Poultry Farmers Beg Gov’t To Also Reduce Chicken Imports
The Greater Accra Poultry Farmers Association of Ghana (GAFPA) has called on government to reduce the importation of chicken ahead of the festive season to save the local poultry industry.
The Association says local poultry farmers still incur losses as consumers opt for imported chicken over the broilers produced in the country. Speaking at a stakeholder meeting in Accra, Vice President of
the Greater Accra Poultry Farmers Association of Ghana, Michael Ampem says the reduction of importation of chicken by government will also reduce the rate of unemployment.
“The imported chicken has been with us for more that two decades. It is affecting us and the money people have to pay in engaging workers. The importation doesn’t employ people. It rather employs people in the other countries.
It is just the end products which are the birds that come. So if we reduce the importation, it will create employment.”The poultry farmers are mournful over the negative impact of the importation of foreign chicken on their operations.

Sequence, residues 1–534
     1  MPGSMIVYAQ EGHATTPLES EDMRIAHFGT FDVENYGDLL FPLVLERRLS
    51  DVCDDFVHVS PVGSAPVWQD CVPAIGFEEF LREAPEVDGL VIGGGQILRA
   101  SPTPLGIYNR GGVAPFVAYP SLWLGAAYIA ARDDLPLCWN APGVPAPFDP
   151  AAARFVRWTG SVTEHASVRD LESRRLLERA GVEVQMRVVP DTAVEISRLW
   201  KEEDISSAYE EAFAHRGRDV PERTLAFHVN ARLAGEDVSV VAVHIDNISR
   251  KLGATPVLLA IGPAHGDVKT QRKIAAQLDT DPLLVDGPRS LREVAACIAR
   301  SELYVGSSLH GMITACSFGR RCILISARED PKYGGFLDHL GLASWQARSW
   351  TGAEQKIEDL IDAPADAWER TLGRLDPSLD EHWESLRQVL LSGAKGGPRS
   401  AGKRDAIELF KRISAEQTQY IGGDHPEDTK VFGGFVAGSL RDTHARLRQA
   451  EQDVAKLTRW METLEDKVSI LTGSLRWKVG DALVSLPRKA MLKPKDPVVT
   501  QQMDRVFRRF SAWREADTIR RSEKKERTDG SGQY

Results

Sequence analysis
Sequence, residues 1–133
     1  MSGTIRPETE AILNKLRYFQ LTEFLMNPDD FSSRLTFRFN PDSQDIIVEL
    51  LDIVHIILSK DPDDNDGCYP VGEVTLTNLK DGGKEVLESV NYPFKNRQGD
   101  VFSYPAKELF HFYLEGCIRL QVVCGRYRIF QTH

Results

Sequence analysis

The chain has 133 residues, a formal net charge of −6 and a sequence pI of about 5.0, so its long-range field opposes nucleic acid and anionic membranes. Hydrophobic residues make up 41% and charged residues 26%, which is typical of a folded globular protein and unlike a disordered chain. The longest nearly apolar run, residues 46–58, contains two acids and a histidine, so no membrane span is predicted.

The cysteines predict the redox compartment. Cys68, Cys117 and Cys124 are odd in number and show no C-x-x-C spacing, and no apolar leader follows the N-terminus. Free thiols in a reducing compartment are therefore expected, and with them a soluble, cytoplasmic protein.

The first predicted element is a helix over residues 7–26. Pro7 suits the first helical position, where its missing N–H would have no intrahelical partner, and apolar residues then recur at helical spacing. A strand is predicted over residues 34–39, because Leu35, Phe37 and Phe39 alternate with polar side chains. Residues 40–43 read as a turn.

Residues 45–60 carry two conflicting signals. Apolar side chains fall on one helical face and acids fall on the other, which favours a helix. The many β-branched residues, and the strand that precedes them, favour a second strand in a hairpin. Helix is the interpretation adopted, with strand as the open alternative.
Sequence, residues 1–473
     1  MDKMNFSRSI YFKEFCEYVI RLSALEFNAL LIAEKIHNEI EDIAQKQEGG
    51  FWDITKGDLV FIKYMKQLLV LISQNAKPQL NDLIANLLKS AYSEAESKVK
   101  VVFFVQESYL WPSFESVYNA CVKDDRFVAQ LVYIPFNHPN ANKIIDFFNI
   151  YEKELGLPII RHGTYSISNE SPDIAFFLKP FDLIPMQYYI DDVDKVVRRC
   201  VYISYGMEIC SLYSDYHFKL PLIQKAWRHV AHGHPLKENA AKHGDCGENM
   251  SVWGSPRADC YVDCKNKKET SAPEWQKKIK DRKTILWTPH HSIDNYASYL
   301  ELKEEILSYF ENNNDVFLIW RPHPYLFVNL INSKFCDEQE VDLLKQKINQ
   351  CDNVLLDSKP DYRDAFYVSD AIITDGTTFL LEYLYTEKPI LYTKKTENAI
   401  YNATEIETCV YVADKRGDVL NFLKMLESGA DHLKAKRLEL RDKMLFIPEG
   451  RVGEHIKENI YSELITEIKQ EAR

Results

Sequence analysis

They argue that, they end up running at a loss whenever citizens patronize the cheap frozen chicken.According to them, although government claims to have reduced the importation of chicken, they are yet to experience its benefits.
Currently, the farmers operate two 5-tonne per hour integrated feed mills, with bagging system.Despite this, members of the association believe that with other necessary government interventions, they could achieve more to feed their poultry in order to be competitive on the market.
GAFPA is however hopeful that government’s ability to reduce the importation of chicken will go a long way to create employment for the citizenry.
In Ghana, data shows that in 2017, over 135,000 tonnes of frozen chicken, which is about 112 million birds, was imported from the European Union.The figure was a 76 per cent increase over what was imported in the previous year.Estimatedly, there is an annual increase in chicken consumption of about six per cent in the country.